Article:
The Rwandan president has urged Korea to invest in his country as a gateway to Africa, and said he will take lessons from rapid development here.
President Paul Kagame said in a speech in Seoul on Friday that his once civil war-torn nation had created an accommodating investment environment.
Rwanda is rebuilding its economy following Africa’s worst genocide in modern times.
The 1994 killing of an estimated 800,000 people and involvement in conflict in the neighboring Democratic Republic of Congo has haunted the East African nation still dependent on aid.
But the country on Africa’s Albertine Rift has been hailed as the region’s beacon of hope less than twenty years after the mass slaughter spurred by conflict between the Tutsi and Hutu peoples.
Rwanda has since become one of the most stable countries in the region under Kagame’s strong-handed government, which took power following the genocide in 1994.
The president spoke at the Fourth High Level Forum on Aid Effectiveness in Busan last week, before traveling with a Rwandan ministerial delegation to visit Korean companies including Samsung and Hyundai Motor.
“I have heard from the history of Korea that, even if you just look at the last 50 years, the transformation the country has gone through has a lot of lessons for my country and for Africa,” Kagame told Korean politicians including former President Kim Young-sam at Friday’s meeting organized by the Far East Broadcasting Company.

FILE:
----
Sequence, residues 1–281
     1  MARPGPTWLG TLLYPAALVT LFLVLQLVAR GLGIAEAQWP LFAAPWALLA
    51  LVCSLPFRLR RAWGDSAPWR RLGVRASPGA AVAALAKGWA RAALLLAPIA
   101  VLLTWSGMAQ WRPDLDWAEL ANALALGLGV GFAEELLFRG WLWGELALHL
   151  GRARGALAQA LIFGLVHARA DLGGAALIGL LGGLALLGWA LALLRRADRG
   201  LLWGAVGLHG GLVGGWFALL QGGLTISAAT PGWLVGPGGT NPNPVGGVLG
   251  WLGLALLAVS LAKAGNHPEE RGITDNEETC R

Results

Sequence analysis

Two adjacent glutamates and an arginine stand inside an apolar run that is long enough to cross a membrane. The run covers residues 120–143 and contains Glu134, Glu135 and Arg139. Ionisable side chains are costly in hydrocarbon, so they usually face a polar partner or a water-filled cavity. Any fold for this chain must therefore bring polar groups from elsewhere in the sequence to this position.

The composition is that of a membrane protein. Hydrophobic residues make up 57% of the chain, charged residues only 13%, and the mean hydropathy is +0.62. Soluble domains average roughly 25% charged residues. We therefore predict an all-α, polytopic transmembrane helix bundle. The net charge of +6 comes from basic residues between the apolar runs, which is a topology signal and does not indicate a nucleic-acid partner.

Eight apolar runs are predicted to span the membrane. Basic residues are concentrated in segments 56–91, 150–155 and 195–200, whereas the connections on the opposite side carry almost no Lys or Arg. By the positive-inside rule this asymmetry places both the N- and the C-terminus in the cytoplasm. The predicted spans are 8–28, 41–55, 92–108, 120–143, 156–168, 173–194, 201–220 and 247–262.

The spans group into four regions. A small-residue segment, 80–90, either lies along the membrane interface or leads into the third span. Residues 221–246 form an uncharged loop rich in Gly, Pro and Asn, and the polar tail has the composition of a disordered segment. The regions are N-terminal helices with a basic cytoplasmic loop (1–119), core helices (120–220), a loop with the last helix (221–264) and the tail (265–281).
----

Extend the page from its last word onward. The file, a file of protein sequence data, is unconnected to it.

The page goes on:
“I can say what we saw was very instructive in the context of what transformation the country has gone through and what Rwanda and Africa need to pursue as well,” Kagame said.
Rwandan President Paul Kagame speaks at Lotte Hotel in Seoul on Friday.(Far East Broadcasting Co.)
“There has to be a meeting of minds and collaboration between government and business leaders for many of these things to happen. In Rwanda we are supporting the private sector to be the leader of social and economic transformation.”
The president invited Korean businesses to take advantage of the “huge opportunities” for foreign investors in Rwandan industry including telecoms, mining, agriculture information technology and services.
“We are doing everything to make sure that this is a market that can work together with other parts of the world and most especially Korea,” he said.
“You will find us good partners and with that partnership it will be even easier to spread in the rest of Africa and the rest of the continent.
“In Rwanda we have the ambition to move ourselves toward prosperity, something that Korea has already achieved, and I look forward to our close collaboration in order for us to move very fast toward this goal.”
Coffee and tea exports as well as expanding tourism have driven Rwanda’s economic growth, but poverty is still widespread for the almost 130 million people living in the small country at the heart of a tumultuous but resource-rich region.
“Despite the tragic history of civil war, the fact that Rwanda became a model of development it is truly remarkable. I believe that President Kagame’s leadership played a huge part in it,” former Korean president Kim Young-sam said Friday.
“Korea was an aid receiving country in the past and is now an aid offering country. I have no doubt that Rwanda will become an economic center of Africa.”
By Kirsty Taylor (firstname.lastname@example.org